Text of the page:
Oh Dom, why do we have to do this again ;___;

Oh Dom, why do we have to do this again ;___;

There’s an ongoing joke about backwards compatibility that says it’s the feature everyone wants but nobody uses, and that past the first year of a new generation, as the hardware beds in and more games begin to take advantage of the additional power, it gets forgotten. For my part, I’ve always made rather sparing use of backwards compatibility in generations past, but to my mind, two things make the Xbox One feature particularly great.

First of all, I’m still playing 360 games. The previous generation was a long one and I’m sure I’m not the only one who still has some kind of backlog on their last gen systems – I’m yet to play South Park: The Stick of Truth, which is one of the games playable on the Xbox One. Knowing I can get around to it whenever I feel like it without having to hook up another system is pretty handy, and I hope some more of the games in my backlog, like Binary Domain and Asura’s Wrath, get added down the line. Don’t get me wrong, I still have my 360 hanging around, but it’s not always hooked up, unlike my Xbox One, which is always connected in order to feed my Halo 5 addiction.

Secondly, there’s the way the feature integrates with your existing library. You can of course simply put a compatible disc in, download the game and then play, but it’s the ease with which your digital purchases carry over that makes backward compatibility such a pleasure to use. Maybe you bought The Witcher 2 on the Xbox store a few years back, or got Gears of War 3 via Games with Gold? Perhaps you bought Shadow Complex back during 2009’s Summer of Arcade? All of them will simply appear in your download list on the Xbox One, ready to go when you want them. I already have around 50 Xbox 360 games installed on my Xbox One, and it almost makes the console feel a little bit like my PC Steam account; I can just pick from a bunch of games and then launch one without having to get up and switch discs. Add to that the ability to use Xbox One-specific features like taking screenshots or game clips, or even livestreaming, and they may as well be native games.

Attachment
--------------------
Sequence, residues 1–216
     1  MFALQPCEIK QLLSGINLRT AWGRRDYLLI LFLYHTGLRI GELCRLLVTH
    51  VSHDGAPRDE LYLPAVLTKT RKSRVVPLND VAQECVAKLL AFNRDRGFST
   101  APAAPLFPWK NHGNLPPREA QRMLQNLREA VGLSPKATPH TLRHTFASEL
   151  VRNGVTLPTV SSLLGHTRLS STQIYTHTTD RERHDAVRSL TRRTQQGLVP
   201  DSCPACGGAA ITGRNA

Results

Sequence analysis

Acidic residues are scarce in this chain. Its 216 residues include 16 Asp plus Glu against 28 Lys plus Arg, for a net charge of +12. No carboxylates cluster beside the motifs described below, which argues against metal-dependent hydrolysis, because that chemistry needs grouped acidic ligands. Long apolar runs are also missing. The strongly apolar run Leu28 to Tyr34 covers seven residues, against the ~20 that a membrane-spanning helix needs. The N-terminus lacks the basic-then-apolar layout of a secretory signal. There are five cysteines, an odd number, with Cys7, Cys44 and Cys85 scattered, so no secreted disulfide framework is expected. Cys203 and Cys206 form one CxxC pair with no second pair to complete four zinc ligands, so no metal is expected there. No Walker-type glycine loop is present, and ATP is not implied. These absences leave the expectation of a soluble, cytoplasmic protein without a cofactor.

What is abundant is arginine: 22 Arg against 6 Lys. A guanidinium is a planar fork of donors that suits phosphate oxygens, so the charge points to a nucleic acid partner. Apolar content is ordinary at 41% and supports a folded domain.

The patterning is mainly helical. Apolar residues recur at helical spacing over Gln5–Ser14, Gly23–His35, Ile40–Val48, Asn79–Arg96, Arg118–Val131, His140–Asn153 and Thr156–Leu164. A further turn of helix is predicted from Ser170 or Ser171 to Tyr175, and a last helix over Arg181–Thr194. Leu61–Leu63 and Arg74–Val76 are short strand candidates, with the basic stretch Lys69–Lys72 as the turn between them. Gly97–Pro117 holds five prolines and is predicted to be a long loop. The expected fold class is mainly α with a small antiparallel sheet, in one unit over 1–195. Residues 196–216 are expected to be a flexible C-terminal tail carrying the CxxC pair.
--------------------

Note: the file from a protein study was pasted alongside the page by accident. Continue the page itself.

Just 'cause Alan's still got his 360 hooked up doesn't mean we all do.

Just ’cause Alan’s still got his 360 hooked up doesn’t mean we all do.

While the backward compatibility program hasn’t noticeably moved the needle on console sales (and I imagine that the main aim of it was to encourage 360 owners to make the jump), it’s certainly a crowd-pleaser for those already deep within the Xbox ecosystem, and it makes me wonder what Microsoft’s plans are going forward. We’ve had comments from Spencer about mid-gen hardware refreshes in the last few months, and with the recent PlayStation 4 Neo leaks – including the expectation that it’ll be both backwards and forwards compatible – it’s looking like the console landscape will be moving to a model of iterative hardware, with the focus on an evolving platform, rather than a specific piece of hardware. Imagine buying a console in 2026 that also gives you access to everything you bought back in 2006. Or even 2001. What if there’s no PS5 or XB2, but instead just a ‘PlayStation’ and an ‘Xbox’ that play all of your games, past present and future. Wouldn’t that be pretty amazing?

To me, Xbox 360 backward compatibility feels like Microsoft’s first step in enabling a future like that. It’ll be interesting to see where they go from here.